After more than two decades providing Kerrisdale with homemade Italian food, Piera Esposito is closing her deli.
“She’s just fed everyone for 22 years,” said Cathy Thompson, a regular at Esposito’s Boccocino Deli.
Thompson spoke with admiration about Esposito’s dedication. As small businesses close throughout Kerrisdsale, the shuttering of Boccocino Deli is another sign of changing times in the neighbourhood.
Thompson met Esposito 20 years ago and marvelled at the hearty dishes offered on “the hot table.” Every morning at 6:30 a.m., Esposito makes the pasta and meat pies that she has become known for.
“I’m not English, but my English cousins say that I make shepherd’s pie better than their own parents. That’s the only item on the menu everyday. I change everything else,” Esposito said.
Kerrisdale is an aging and changing neighbourhood. Many seniors go to Boccocino in the evenings for dinner, and Esposito knows every one of them by name. It’s a comforting place for them, especially those who live alone. But people of all ages come to the deli. Construction workers and students swarm the restaurant during their breaks.
When asked what she will miss most about having the deli, Esposito said, “My customers. They’re just wonderful people. Over the years we’ve created this friendship. It’s going to be very sad.”
It’s been difficult for Esposito to tell her regulars she’s closing. She recalled one especially emotional conversation. “I didn’t have the guts to tell him that I was closing,” she said. “But one day his daughter and wife came in. I said, I haven’t told your dad yet, because I didn’t have the guts to tell him but I’ll be closing the store at the end of April.” She paused. “He came in two days later. He had tears in his eyes.”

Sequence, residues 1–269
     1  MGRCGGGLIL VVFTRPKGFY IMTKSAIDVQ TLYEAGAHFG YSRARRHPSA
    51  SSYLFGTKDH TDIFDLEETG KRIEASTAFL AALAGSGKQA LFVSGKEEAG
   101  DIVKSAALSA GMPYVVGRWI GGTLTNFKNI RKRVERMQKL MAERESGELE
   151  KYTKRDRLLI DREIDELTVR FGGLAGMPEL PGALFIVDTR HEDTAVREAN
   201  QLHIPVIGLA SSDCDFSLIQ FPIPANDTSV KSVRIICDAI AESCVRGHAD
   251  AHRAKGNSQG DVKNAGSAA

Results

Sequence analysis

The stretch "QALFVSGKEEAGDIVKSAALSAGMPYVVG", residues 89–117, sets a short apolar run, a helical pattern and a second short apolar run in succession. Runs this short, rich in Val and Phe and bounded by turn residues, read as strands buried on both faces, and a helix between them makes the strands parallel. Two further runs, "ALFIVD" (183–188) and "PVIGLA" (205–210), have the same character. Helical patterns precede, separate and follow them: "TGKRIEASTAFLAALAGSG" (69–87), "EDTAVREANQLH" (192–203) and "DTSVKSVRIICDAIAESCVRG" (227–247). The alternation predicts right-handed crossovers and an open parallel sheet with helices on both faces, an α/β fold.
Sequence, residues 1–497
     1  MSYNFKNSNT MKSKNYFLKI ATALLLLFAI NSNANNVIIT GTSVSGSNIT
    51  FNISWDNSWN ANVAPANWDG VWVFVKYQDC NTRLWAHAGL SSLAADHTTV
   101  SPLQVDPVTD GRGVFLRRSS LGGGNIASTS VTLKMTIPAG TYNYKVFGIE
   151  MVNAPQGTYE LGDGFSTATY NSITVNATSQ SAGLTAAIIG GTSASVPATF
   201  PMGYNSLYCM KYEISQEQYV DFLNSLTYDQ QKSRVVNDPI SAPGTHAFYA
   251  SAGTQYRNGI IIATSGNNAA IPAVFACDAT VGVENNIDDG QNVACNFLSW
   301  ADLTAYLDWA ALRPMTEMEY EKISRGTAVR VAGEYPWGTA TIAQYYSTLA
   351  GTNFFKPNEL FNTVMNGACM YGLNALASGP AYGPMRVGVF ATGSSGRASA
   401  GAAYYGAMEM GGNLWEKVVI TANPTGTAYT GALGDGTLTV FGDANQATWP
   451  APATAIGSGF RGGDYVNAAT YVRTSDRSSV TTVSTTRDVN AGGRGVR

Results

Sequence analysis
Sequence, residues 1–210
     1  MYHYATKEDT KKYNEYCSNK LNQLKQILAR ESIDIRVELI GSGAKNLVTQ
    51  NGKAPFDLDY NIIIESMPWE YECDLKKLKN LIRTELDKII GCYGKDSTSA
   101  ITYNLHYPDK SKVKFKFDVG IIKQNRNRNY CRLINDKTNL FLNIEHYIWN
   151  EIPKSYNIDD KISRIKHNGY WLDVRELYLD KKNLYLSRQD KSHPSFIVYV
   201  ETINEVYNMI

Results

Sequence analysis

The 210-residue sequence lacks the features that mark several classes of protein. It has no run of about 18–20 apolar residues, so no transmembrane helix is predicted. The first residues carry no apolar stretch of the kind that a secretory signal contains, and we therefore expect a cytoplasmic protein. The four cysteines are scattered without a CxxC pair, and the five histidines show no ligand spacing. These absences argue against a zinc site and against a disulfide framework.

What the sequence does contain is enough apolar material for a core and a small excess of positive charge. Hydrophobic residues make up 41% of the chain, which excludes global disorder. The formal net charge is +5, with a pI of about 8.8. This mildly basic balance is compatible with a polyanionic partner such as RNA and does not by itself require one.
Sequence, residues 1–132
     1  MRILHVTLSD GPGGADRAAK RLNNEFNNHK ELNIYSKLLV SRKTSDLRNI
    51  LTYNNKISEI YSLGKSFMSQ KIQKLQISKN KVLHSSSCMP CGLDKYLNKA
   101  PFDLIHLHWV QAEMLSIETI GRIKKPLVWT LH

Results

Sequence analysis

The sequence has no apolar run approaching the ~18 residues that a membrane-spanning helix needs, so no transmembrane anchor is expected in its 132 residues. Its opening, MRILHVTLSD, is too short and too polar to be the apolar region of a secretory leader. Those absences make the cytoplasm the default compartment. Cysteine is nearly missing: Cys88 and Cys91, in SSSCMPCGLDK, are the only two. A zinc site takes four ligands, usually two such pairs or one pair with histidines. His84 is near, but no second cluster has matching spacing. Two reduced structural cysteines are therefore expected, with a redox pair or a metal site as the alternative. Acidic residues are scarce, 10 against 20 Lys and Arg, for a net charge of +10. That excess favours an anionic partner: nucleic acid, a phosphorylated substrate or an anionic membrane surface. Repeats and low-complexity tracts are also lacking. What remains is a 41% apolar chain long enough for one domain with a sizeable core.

Esposito says she will keep in contact with her regulars even after she retires. She even plans to do some catering from home. But first, she will rest. Esposito was diagnosed with Lupus five years ago. “First of all, I need to take care of my health,” she said.
For the past two decades, Esposito has had 12-hour work days. “I start at 6:30 in the morning and I usually get home at 6:30 at night. I’m tired. After 22 years, I’m tired,” she said.
The closure of Boccocino Deli is part of the recent trend of longtime small businesses closing in Kerrisdale.
“Several family-run businesses have closed over the past five years,” said Terri Clark of the Kerrisdale Business Association. “More than anything this is a generational shift.”
Thomas Hobbs Florists and Puddifoot are a couple of other iconic shops that have gone out of business in recent years. Despite these losses, Clark remains optimistic.
“New businesses are coming in every day. New businesses that reflect a changing community,” she said.
Some residents think the new stores don’t have the same neighbourhood feel to them. Thompson, a 30-year Kerrisdale resident, notices the difference. She is hopeful the new business owners will see the value of a close-knit community.
“Piera is the epitome of what the Kerrisdale strip is about. It’s about community, it’s about service. It’s about really caring about people and connecting with them.”
Kerrisdale community members are having a sendoff for Piera at 11 a.m. on Saturday at Boccocino Deli.